• Include physical activity in your day.
• Manage stress by doing things like taking a walk with someone who can help with issues, so stress doesn't affect your sleep.
• Listen to what your body is telling you. If you're tired or irritable, ask yourself whether you're getting enough sleep and adjust your schedule accordingly.
• Eat a protein-combined-with-carbs snack before bedtime if you're hungry.
• Limit screen time — computers, smartphones, television — before bed. The blue light emitted by these technologies has been found to have a stimulating effect.
• Don't ignore your body's clock. Find a way to handle your schedule that allows for enough sleep.
• Don't use your bed for homework, watching TV, texting or using other technology to make the bedroom a more restful environment. Encourage kids and teens to use a desk or chair instead of their beds for studying.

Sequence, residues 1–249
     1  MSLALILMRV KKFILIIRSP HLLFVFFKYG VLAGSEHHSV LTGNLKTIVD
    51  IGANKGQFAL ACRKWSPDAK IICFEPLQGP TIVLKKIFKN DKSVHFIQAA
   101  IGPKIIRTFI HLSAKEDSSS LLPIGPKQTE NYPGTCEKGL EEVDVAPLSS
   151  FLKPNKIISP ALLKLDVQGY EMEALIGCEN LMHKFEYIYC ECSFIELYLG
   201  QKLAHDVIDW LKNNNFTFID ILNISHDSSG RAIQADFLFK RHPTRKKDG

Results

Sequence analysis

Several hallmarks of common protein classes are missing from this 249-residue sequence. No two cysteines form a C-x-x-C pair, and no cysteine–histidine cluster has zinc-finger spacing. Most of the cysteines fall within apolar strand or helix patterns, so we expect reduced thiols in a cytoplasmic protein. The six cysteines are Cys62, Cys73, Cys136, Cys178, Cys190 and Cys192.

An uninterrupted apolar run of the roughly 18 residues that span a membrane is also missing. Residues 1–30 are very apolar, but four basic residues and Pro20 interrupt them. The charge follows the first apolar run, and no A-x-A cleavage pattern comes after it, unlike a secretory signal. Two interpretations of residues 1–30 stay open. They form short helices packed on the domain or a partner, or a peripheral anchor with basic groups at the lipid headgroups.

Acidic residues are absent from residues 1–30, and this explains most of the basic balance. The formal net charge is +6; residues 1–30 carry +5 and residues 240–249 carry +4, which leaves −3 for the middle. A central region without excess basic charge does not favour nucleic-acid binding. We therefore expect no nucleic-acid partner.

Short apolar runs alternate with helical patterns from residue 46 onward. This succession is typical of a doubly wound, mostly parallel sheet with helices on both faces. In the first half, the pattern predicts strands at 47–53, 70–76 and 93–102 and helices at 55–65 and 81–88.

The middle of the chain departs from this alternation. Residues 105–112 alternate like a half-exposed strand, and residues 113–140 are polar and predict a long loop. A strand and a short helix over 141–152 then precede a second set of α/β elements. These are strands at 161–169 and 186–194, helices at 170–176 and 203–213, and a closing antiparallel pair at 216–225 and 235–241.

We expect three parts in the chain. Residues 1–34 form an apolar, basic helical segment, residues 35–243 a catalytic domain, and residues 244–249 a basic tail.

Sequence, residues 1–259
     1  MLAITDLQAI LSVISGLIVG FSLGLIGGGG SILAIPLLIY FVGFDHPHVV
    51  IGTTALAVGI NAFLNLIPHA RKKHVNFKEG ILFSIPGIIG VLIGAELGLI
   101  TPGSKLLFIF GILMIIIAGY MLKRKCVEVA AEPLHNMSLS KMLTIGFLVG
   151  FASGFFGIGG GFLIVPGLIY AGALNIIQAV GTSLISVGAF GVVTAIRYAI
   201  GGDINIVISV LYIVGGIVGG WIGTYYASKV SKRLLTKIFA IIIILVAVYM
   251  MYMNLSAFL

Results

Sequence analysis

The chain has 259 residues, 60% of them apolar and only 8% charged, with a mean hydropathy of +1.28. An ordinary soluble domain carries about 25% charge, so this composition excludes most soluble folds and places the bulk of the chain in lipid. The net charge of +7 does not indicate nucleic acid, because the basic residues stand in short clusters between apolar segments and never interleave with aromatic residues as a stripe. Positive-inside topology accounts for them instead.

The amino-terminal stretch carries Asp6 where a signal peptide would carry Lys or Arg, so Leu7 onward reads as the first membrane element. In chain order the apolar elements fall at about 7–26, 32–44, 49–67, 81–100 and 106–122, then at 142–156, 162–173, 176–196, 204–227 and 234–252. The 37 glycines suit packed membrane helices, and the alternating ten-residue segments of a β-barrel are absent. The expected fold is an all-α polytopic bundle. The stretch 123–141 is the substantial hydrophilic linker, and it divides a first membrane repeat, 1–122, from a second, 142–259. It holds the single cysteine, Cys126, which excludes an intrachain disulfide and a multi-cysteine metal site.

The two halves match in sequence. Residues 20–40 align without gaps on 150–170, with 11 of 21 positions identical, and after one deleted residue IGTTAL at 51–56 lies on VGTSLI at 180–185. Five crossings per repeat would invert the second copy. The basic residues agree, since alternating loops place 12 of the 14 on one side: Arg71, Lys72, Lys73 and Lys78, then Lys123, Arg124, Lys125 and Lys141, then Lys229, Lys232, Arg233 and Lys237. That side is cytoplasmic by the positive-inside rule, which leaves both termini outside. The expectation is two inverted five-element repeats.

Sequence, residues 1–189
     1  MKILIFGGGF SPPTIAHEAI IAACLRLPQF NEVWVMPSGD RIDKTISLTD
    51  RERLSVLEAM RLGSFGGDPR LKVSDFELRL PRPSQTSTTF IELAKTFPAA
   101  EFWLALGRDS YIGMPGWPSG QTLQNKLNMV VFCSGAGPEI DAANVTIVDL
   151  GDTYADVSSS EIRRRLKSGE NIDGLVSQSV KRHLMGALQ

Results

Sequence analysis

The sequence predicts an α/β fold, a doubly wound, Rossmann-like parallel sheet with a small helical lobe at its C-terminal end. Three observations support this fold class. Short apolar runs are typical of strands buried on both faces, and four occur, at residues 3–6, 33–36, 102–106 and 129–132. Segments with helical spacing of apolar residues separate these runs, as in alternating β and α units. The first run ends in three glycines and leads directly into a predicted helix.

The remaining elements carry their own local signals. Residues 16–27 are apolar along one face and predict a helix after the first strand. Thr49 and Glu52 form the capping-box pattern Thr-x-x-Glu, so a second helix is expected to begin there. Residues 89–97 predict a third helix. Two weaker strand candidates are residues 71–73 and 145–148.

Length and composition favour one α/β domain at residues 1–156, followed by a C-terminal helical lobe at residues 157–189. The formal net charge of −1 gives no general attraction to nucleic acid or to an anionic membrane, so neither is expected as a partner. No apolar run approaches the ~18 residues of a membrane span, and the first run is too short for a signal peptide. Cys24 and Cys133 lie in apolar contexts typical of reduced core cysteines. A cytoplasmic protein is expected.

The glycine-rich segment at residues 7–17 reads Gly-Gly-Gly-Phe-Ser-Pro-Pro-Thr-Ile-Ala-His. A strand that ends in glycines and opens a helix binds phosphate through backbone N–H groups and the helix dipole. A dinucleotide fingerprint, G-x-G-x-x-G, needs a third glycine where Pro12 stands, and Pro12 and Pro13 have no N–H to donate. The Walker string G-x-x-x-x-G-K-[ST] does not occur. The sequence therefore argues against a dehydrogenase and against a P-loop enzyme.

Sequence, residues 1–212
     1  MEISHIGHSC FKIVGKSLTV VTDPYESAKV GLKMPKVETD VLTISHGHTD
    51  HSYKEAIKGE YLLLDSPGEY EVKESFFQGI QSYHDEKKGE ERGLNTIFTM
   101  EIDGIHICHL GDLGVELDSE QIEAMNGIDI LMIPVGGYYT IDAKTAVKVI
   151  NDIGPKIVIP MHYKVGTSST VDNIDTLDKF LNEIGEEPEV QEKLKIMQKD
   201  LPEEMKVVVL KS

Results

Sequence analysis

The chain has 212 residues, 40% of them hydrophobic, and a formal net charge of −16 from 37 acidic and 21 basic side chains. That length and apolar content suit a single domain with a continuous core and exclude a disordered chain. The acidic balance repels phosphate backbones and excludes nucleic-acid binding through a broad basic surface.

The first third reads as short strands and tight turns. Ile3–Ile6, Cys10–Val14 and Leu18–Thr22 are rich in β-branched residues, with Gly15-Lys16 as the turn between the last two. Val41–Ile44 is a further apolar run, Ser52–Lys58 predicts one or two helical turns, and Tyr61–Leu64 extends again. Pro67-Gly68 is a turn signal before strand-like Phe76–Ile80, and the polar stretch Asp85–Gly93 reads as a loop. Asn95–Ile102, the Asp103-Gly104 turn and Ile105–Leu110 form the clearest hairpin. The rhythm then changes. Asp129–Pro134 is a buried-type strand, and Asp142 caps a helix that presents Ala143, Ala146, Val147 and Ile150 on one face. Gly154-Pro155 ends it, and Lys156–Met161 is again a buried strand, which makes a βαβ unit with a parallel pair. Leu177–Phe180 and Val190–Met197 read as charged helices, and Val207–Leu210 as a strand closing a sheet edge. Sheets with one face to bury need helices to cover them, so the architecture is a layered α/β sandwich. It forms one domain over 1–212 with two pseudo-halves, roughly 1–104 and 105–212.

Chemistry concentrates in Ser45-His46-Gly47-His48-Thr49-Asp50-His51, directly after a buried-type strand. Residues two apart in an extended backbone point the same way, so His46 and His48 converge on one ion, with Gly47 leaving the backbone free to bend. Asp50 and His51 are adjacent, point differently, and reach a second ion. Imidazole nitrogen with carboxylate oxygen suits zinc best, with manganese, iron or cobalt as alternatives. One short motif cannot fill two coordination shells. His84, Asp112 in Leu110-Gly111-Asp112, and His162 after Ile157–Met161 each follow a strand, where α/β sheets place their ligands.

• Don't eat a heavy meal close to bedtime because your body has to work to digest it.
• Don't go to bed hungry.
• Don't take a multi-vitamin before bed (B vitamins can be stimulating). Take them in the morning with breakfast.
• Don't ingest caffeine or chocolate late in the day (for most, no caffeine after 2 p.m.). Remember that in addition to having a jolt of sugar, which is not beneficial at bedtime, chocolate also has caffeine.
• Don't use bedtime for reminders and criticisms. It should be a pleasant, inclusive time for parents and kids to read or share memories. — Lee Cutrone